Michigan Improvement ’13: Turnovers

Among the many things that didn’t go so well in Michigan’s first season was the Wolverines’ ability to take care of the ball. In 14 games, Michigan turned the ball over 256 times (18.39 per game, good for 55th in the nation). Adjusted for pace of play, they turned it over on 55.4% of their offensive possessions, 53rd in the nation.

While both of those rankings are equal to (or better than) Michigan’s ranks in some of the other categories, the low marks certainly indicate that there’s room for improvement – and possibly quick improvement.

Who turned it over most?

I generally hesitate to point fingers at individuals in terms of strong negative stats (especially with Michigan’s first team, which was composed almost entirely of club-recruited athletes playing at the Division-1 level). However, to look at how much the number can be improved, we must look at where the improvement would come from.

Player Pos. Yr. GP Ass. + Shot +GBs TOs
Jeff Chu A So. 14 12 9
Zach Dauch A Jr. 8 15 11
Ryan Dutton-O’Hara A Jr. 9 15 5
David McCormack A Fr. 12 41 8
Will Meter A Fr. 14 69 23
Thomas Paras A Jr. 14 74 22
Trevor Yealy A 5th 14 94 17
Doug Bryant M So. 11 55 11
Jason Davis M So. 8 3 4
Willie Steenland M Jr. 13 58 37
Alex Vasileff M Sr. 14 57 10
Brian Greiner FO 5th 13 54 4
Jack Eisenreich DM Fr. 10 5 1
Brent Kirshner DM Sr. 7 5 1
Thomas Orr DM Fr. 13 4 3
Sean Sutton DM Jr. 14 8 4
Mack Gembis D Fr. 14 13 5
Rob Healy D Sr. 14 17 15
J.D. Johnson D Jr. 14 42 9
Dakota Sherman D So. 14 22 8
Austin Swaney D Sr. 14 34 6
Emil Weiss G Fr. 10 34 13
Dylan Westerhold G So. 7 11 8

Assists + Shots + GBs intended to give a rough view of how involved in the game players are. Obviously the aim is to have the ratio of that sum to turnovers be as high as possible. Only players who participated in at least half the games are included.

Of course, the expectations are different for each position, and even for different players within a position group. A defensive midfielder just isn’t going to have much offensive production, nor really pick up as many GBs as some others. However, we at least have a bit of context.

High Achievers:

  • FOGO Brian Greiner (13.50 touches/turnover)
  • Midfielder Alex Vasileff (5.70 touches/turnover)
  • Defenseman Austin Swaney (5.67 touches/turnover)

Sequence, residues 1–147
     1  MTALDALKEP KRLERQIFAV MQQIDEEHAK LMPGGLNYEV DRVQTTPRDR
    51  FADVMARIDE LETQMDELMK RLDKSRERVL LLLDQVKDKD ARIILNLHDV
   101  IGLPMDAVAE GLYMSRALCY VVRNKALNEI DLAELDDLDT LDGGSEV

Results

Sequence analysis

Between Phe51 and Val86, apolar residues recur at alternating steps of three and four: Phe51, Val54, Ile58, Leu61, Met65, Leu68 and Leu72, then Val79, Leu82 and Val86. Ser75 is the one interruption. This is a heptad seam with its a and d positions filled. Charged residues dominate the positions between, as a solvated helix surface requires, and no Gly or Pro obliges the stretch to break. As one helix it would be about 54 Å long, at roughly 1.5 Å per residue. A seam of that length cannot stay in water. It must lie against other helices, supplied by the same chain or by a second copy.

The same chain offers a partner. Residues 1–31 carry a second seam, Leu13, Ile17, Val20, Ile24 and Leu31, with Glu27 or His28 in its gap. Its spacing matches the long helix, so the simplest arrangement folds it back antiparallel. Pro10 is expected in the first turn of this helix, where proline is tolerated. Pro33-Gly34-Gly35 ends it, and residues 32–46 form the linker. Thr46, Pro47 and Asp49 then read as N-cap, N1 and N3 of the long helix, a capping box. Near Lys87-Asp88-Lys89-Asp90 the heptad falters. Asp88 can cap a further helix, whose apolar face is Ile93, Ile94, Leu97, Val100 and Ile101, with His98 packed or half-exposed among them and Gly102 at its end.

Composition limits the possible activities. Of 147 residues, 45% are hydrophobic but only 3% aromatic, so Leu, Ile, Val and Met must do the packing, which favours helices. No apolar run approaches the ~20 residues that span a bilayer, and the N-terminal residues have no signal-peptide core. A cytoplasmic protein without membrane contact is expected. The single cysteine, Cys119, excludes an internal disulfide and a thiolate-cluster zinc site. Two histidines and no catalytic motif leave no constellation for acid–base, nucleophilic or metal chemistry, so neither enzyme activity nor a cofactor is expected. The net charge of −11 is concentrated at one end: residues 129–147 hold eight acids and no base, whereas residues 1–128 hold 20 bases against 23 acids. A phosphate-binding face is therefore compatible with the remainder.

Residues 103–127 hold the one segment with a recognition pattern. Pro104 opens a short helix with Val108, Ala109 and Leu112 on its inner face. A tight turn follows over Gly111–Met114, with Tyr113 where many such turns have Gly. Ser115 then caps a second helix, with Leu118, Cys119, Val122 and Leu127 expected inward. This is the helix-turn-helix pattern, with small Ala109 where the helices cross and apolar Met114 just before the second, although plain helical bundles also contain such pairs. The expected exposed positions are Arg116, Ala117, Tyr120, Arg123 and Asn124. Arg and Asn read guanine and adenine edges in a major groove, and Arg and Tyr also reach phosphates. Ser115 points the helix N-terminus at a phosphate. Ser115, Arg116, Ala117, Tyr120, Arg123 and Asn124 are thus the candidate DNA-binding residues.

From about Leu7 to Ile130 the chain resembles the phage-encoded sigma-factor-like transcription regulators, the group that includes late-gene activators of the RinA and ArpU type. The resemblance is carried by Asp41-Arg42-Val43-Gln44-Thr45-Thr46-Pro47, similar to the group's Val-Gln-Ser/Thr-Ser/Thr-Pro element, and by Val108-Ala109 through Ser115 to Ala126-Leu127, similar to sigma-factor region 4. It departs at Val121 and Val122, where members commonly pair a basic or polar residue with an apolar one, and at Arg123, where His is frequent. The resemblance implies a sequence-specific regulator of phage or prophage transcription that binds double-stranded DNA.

• Attack Trevor Yealy (5.53 touches/turnover)
  • Attack David McCormack (5.13 touches/turnover)

Room for Improvement:

  • Midfielder Jason Davis (0.75 touches/turnover)
  • Defenseman Rob Healy (1.13 touches/turnover)
  • Defensive midfielder Thomas Orr (1.33 touches/turnover)
  • Attackman Jeff Chu (1.33 touches/turnover)
  • Attackman Zach Dauch (1.36 touches/turnover)

So, two of the least turnover-prone are departing fifth-year seniors. However, one must assume that a year of experience (two of the bottom five were freshmen) and an influx of talent could improve numbers across the board.

Who’s coming in?

Unlike Michigan’s previous recruiting classes, all incoming recruits will arrive (or in many cases, have already arrived) with the expectation of playing Division-1 lacrosse. It’s fair to assume that the talent level of the 2012 recruiting class is going to be an upgrade over much of what Michigan has.

Many of the incoming freshmen who played at Michigan’s team camp already impressed me – albeit against lesser competition – and some of those who I didn’t see in action (including midfielder Kyle Jackson, faceoff specialist Brad Lott, and defenseman Cooper Charlton) are among the most highly-touted players in the class.

Keep in mind that many players on Michigan’s team last year missed significant portions – or even all – of the year due to injury. That includes longpoles Nick Guerriero and Vince Strittmatter, and even starting goalie Emil Weiss was unavailable in four games, and limited in a few others.

Last year, it was impossible to pull players off the field for underperforming. There simply wasn’t the depth available to do it. Many of the same pieces are returning, and the Wolverines add a well-regarded freshman class and several players (hopefully) back to full strength. That gives more options, and more talent at the coaches’ disposal.